There are many uncomfortable similarities in people’s actions in both that period and the book’s current time that Hájíček explores, too, especially those related to a person’s motivation for performing nasty acts and their consequences, intended or not. The title plays on this dynamic of viewing from the outside, too. "Rustic baroque" refers to a particular style for which southern Bohemia is famous (see the Architecture section of this article for more detail). There are at least two ways to take the title. One approach works on the ornate style of the outside as compared to what is found inside. Or another take, and my preference, focuses on the tourists of today wanting to ogle the architecture and the appearances of the buildings, mostly because it is listed by UNESCO, but avoid studying the recent events.
The villages of southern Bohemia provide an idyllic setting for the hot summer months but their history provides a different picture, as the conversation between Pavel and Šrámek demonstrates (ellipsis in original):
”It’s such a grim place…”
“I know, the 1950s…”
“You don’t know anything about it. They used to kill unwanted babies in the farmhouses there. I found it in the old records. And the place also has the highest incidence of people being hanged far and wide. And there was that tragedy in the stone quarry before the war…”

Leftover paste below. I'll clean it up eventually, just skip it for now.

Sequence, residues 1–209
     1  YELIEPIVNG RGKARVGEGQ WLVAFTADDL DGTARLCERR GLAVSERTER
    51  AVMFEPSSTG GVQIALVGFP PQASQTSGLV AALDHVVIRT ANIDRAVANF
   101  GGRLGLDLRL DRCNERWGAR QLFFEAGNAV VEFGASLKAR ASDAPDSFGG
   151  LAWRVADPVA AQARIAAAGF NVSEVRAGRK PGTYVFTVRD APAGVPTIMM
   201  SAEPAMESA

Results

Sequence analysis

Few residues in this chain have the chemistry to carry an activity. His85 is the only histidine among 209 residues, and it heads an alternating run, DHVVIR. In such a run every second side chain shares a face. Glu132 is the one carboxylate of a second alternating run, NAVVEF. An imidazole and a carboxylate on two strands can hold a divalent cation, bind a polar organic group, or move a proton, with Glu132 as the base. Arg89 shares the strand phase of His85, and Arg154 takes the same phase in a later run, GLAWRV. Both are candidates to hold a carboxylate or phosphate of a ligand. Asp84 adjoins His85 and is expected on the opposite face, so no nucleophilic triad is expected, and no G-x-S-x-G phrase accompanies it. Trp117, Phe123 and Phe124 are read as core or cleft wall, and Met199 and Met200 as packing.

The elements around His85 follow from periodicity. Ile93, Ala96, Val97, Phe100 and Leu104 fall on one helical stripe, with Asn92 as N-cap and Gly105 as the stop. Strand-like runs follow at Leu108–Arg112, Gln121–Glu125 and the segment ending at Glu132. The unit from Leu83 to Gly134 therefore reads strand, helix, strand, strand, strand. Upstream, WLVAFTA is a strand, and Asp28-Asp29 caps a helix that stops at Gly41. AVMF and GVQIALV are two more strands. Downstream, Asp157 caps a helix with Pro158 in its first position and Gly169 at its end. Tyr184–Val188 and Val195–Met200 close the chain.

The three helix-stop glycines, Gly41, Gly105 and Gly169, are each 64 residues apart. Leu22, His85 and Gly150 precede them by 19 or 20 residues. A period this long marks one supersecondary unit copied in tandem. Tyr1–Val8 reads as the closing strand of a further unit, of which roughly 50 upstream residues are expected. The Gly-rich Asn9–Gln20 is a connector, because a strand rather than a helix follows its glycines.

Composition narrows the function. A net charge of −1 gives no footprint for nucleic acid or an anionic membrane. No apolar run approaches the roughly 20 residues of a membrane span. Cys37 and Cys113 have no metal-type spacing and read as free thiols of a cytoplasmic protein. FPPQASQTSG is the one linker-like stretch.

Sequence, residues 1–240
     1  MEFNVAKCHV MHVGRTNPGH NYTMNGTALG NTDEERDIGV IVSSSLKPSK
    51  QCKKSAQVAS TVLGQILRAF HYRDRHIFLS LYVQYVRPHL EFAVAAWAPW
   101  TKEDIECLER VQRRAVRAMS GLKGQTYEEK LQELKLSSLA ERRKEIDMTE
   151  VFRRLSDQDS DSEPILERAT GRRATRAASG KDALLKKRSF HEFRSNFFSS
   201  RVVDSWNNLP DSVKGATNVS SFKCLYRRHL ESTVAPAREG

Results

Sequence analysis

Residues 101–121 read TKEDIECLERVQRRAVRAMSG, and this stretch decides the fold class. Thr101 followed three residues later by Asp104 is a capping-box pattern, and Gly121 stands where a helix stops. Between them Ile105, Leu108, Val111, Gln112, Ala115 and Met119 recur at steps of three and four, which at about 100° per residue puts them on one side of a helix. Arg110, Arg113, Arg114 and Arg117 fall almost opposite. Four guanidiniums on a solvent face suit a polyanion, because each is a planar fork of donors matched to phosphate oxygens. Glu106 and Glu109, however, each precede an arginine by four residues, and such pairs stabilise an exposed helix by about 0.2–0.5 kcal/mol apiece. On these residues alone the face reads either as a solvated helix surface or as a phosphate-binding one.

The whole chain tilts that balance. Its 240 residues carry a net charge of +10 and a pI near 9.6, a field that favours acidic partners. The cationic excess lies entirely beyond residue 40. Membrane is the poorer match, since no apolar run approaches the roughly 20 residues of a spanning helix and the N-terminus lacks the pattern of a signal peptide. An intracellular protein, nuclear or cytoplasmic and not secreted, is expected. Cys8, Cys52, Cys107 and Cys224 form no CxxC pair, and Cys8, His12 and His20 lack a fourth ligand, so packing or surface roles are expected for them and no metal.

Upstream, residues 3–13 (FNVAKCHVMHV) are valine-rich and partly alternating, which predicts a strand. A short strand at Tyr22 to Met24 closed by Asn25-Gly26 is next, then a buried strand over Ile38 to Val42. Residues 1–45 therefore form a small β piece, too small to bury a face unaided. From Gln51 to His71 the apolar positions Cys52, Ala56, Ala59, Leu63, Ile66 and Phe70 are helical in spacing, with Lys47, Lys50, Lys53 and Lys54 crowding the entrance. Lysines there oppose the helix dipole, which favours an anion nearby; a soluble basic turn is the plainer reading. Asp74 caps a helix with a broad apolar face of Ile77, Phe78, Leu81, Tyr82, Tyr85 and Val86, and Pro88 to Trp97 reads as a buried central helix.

Just as the government tried to erase awareness of past farmers, so the villages try to hide past unpleasant acts. Parallel to the theme of everything not being exactly as it looks, Hájíček plays off of Pavel’s job as a genealogist to highlight not everyone is who he thinks he is. Pavel explains to Daniela, the tourist looking up her family’s genealogy, many reasons why the apparent facts of a family tree may be incorrect but usually it boils down to people believing what they want to believe. It turns out, as Pavel eventually realizes on at least two different occasions, that he knows part of Daniela’s family history but he knows almost nothing about her. It turns out what he doesn’t know is much more important than what he does, a common thread in his search for the letter.
Hájíček continually shows the troubling relationship between clarity and truth. What the characters believe and feel, whether accurate or not, trumps everything else. Whenever love (or at least romance), or honor, or revenge, or some combination of them are involved, the truth can prove to be elusive and, at times, maddeningly squishy. The moral triumph of the farmer not hating his neighbors and government despite what they did to him may mean nothing to someone whose family went through similar circumstances and are unable to forgive. Morality to them may mean righting wrongs, setting the past straight.
Highly recommended. For anyone beginning to read the novel, there is a helpful list of major characters on page 147. There are also four stories included from Hájíček’s collection The Wooden Knife. I’ll post on those separately at a later date. Update: comments on the short stories can be found at this post.